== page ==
Formula E, "E-fluids," and EV charging.
Shell has been in the energy business for over 100 years. And though its history is mired in the extraction and sale of fossil fuels and their by-products, the Anglo-Dutch outfit is well aware of the move toward the electrification of transportation now taking place. And, it is actively engaged in this transition on several fronts.
We spoke with Joerg Wienke, Vice President Global Retail Marketing at Shell, at the season six launch of the Nissan e.dams FIA Formula E team, who gave us a heads up on a number of efforts the company is involved in. He began, naturally, by talking about racing.
Just as it has had high-visibility involvement with the FIA Formula One racing series since its inception in 1950, Shell has taken a strong interest in the ABB FIA Formula E Championship series. It is the first traditional energy company to do so. When the lights go green this weekend to kick off the new season, the company's familiar yellow pecten shell logo will be emblazoned on the bodywork of the Nissan e.dams entry, signaling a continuation of the sponsorship that it began last year.
And, while this arrangement will get its logo in front of the eyes of a new generation of racing fans, Shell is also taking advantage of the relationship to develop new products and improve on others for the growing electric vehicle market. So-called "E-fluids" include things you might expect, like low-friction oil for gearboxes and other lubricants, as well as others we're less used to thinking about, such as coolant for battery packs and power inverters.
If you caught our interview with Nissan e.dams driver Sebastian Buemi, you may remember the incredible progress that he mentions Michelin has made in tire technology in its partnership with the series. The tires are now lighter, have lower rolling resistance, and more grip than previously. This is the kind of progress Shell is counting on. Efficiency is crucial in electric vehicles and every small gain is a huge win. Higher efficiency E-fluids can give Shell a bigger slice of the market as it continues to develop.
While we're fascinated about the potential of E-fluids – we will be digging deeper into this tech in the near future – Shell is probably best known to most people for its retail sales of energy products, which have historically been fossil fuels. It makes sense that electric vehicle charging, which is essentially energy delivery, is a key part of its strategy in this sphere. It is pursuing this opportunity on a number of fronts.
It is working with businesses to supply charging for fleets. It is involved with charging networks that deliver electricity at public charging stations. Finally, it is also helping electric vehicle owners install residential charging stations (EVSE).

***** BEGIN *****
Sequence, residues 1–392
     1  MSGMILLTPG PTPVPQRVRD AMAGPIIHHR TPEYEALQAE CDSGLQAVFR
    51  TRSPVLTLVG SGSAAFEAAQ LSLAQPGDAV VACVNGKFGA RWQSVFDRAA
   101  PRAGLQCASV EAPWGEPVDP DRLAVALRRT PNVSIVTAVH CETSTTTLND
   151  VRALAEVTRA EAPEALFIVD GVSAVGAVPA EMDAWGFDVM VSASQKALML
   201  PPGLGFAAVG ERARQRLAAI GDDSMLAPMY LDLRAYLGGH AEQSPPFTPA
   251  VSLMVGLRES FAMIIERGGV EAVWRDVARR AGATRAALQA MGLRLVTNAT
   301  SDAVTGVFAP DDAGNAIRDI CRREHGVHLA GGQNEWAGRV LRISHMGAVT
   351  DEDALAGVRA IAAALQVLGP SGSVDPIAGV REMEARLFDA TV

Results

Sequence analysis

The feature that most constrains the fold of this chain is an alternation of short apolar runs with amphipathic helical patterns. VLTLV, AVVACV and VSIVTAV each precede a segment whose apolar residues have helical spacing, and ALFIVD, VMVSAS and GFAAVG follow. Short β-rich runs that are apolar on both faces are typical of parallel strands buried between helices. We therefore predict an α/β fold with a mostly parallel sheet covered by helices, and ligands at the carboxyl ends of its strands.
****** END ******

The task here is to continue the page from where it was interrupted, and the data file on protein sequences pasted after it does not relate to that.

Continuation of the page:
Its public charging networks are probably the most prominent. Back in 2017, it acquired NewMotion and has continued to grow that company. Earlier this year, NewMotion boasted it had gained over 170,000 cardholders who now had access to 100,000 charging points in place across 28 countries.
In the UK and Europe, it is also placing charging services in its traditional locations. In the UK, this effort is branded as Shell Recharge in partnership with Allego. It kicked off about two years ago with three stations equipped with 50 kW DC fast chargers. It is now up to 34 locations and has started to add 150 kW units for today's faster-charging vehicles.and has plans to place hundreds more. It's notable that the electricity obtained through Shell Recharge is from 100 percent certified renewable sources.
Meanwhile, on the mainland of Europe, the company has teamed with Ionity to place 350 kW services in 80 of its stations.
The energy giant also recently purchased Greenlots, which, among other things, offers both residential and commercial charging services. Headquartered in the U.S., it has projects in 13 different countries, including installing charging at Shell stations in Singapore. Its commercial customers include names we suspect will be familiar to you: Volvo, GM, and Volkswagen-Electrify America.
To sum up, it's fair to say this giant energy company is looking forward and seeking out business opportunities across the electrification landscape. Though not seemingly idealistically driven – few businesses are – we have to say we are glad they've turned some of their resources in this direction. Be it through its involvement with Formula E, its development of E-fluids, or its charging infrastructure, the motion here is consistently forward.
One point that Weinke made about future developments stuck with us. When asked about the growth of charging networks over the next five years, he replied, "That will grow with customer growth. Our strategy is we are investing ahead of where our customers are. Because we need to provide infrastructure to get things going. We're a big company so we can do some of that."
It gives us some hope in their continuing commitment to change but it also puts the onus on us, the drivers of the world, to "be the change," as it were. They, Shell and others, are building "it," so we need to come and inhabit this electrification field of dreams.
*Shell paid for transportation and accommodations to facilitate this article.